Psychedelic drugs flatten the brain’s dynamic landscape

The psychedelic drugs LSD and psilocybin activate serotonin receptors on brain cells in a way that reduces the energy needed for the brain to switch between different activity states, according to a study led by Weill Cornell Medicine researchers.

The study, which appears Oct. 3 in Nature Communications, offers insight into the mechanism of these drugs’ effects – effects many hope can someday be harnessed therapeutically. The research also represents a new approach to the evaluation of drugs that act on the brain.

“If we want someday to use psychedelic drugs clinically, we should understand not only how they’re impacting brain cells, but also how they’re impacting the wider dynamics of brain activity,” said study lead author Parker Singleton.

Singleton is a doctoral student in the laboratory of senior author Amy Kuceyeski, associate professor of mathematics in the Department of Radiology and in neuroscience in the Feil Family Brain and Mind Research Institute at Weill Cornell Medicine.

“Ongoing clinical trials of psychedelic drugs for neuropsychiatric disorders are showing promise, and there’s a lot of excitement about these drugs’ medical potential, but there’s also a lot we don’t know about their neurobiological effects,” said Kuceyeski, who leads the Computational Connectomics Laboratory in the Department of Radiology at Weill Cornell Medicine. “That’s where we think approaches like ours can contribute.”

LSD (lysergic acid diethylamide) was first synthesized in 1938 by Swiss pharmaceutical chemist Albert Hoffman, who hoped it would work as a stimulant, and later personally discovered its psychedelic effects. Hoffman, in the late 1950s, also isolated the similar compound psilocybin from mushroom species in the Americas that traditionally have been used as ritual hallucinogens.

Although LSD and psilocybin have been illegal under United States federal law for the past half-century, they have been effectively decriminalized in a few states and cities in the past few years, and a movement has begun to test them as potential treatments for depression, anxiety and other psychiatric conditions. In 2018, the U.S. Food and Drug Administration designated psilocybin as a potential “breakthrough therapy” for severe depression, which means that it will review applications for its use as a drug more quickly than usual.

In the study, the researchers characterized the effects of LSD and psilocybin on brain dynamics from the perspective of network control theory, in which a network’s activities are categorized into distinct patterns, or states, and state-to-state transitions. The scientists began by comparing functional magnetic resonance imaging (fMRI) recordings of brain activity from volunteers who underwent two scanning sessions, one where they had taken placebo and the other where they had taken LSD or psilocybin. The data were gathered by collaborating researcher Robin Carhart-Harris of Imperial College, London.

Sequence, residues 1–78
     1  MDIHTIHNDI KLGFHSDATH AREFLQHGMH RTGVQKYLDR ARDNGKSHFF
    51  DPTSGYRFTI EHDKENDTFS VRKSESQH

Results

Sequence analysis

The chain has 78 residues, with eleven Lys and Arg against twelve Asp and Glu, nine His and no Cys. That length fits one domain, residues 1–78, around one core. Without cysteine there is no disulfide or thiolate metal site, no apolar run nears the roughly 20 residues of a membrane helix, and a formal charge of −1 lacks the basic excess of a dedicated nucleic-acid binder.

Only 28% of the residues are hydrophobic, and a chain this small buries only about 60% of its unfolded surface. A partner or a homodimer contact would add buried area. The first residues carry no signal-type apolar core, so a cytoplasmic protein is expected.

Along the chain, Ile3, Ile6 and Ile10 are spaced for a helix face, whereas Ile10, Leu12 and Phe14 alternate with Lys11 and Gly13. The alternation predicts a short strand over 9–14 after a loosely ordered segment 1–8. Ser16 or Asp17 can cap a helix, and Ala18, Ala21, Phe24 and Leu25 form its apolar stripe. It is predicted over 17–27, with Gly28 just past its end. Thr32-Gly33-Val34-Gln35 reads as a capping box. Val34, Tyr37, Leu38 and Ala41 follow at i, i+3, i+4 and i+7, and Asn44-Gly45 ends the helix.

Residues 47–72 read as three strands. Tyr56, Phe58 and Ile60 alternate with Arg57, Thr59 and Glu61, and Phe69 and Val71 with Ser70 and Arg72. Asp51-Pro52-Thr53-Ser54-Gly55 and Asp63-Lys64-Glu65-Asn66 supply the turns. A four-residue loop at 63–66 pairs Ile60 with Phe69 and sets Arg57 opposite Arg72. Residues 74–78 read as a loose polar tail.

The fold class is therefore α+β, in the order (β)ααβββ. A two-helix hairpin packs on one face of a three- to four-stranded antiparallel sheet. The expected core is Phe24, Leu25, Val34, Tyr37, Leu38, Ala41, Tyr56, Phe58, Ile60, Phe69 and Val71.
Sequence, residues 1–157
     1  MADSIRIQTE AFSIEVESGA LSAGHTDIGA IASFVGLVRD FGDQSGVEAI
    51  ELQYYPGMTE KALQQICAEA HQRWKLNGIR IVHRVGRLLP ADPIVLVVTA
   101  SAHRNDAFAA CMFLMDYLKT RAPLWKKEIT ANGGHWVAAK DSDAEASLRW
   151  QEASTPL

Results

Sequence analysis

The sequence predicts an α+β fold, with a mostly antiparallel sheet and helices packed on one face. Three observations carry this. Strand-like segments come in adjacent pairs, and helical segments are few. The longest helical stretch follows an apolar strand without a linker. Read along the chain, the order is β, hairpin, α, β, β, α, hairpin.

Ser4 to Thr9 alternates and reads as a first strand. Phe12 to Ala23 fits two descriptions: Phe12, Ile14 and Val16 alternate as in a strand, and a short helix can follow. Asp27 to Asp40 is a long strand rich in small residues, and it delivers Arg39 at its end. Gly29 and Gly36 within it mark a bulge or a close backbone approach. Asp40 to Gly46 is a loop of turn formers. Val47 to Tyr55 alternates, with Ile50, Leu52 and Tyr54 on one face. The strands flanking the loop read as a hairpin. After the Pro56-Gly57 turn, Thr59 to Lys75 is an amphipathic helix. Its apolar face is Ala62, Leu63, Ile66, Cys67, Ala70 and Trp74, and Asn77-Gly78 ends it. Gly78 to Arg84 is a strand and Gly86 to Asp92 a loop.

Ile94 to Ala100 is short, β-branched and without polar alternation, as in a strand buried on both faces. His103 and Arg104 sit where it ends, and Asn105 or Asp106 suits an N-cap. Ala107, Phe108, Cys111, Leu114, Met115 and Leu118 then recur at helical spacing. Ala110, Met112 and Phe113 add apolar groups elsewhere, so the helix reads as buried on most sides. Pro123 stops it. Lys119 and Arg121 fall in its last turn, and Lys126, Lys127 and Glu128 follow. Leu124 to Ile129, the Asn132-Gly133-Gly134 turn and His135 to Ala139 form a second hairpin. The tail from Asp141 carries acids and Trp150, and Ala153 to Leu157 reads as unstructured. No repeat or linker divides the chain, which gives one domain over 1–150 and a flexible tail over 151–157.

Using a special clustering algorithm, they defined a set of common activity states in the fMRI data. The researchers then modeled the major inter-regional connections in the brain, using other data gathered from healthy volunteers with a structural imaging method called diffusion MRI. Combining these two datasets, they calculated the minimum energies required to transition between states while under the influence of LSD, psilocybin, or placebo – and found that the psychedelic drugs lowered, or “flattened,” these normal energy barriers, allowing the brain to transition from one state to another much more readily.

Finally, the researchers mapped the distribution of serotonin 2a receptors in the brain, using data from positron emission tomography (PET) studies. LSD and psilocybin affect multiple receptor types in the brain, but serotonin 2a receptors – which the drugs activate – are thought to be their main targets. The team modeled how the drug-enhanced activity of these receptors would change the normal energy barriers to state transitions in the brain and found a barrier-lowering shift much like that observed between the placebo and psychedelic groups in the fMRI analysis.

“Serotonin 2a receptors have a spatial distribution in the brain that appears to be optimized for lowering these state transition energies,” Singleton said.

The study advances the neuroscientific understanding of LSD and psilocybin, the researchers concluded, and, more broadly, offers a potentially fruitful new approach for evaluating psychoactive drugs.

They emphasized, however, that the study wasn’t designed to explore the clinical worth of LSD and psilocybin, and the human volunteers involved were not psychiatric patients.

Kuceyeski and Singleton and their colleagues now plan to use their approach to study the longer-term brain-dynamics effects of LSD and psilocybin – effects that would be more relevant in a clinical setting – as well as the connections between psychedelic-altered brain dynamics and users’ subjective experiences.

Jim Schnabel is a freelance writer for Weill Cornell Medicine.

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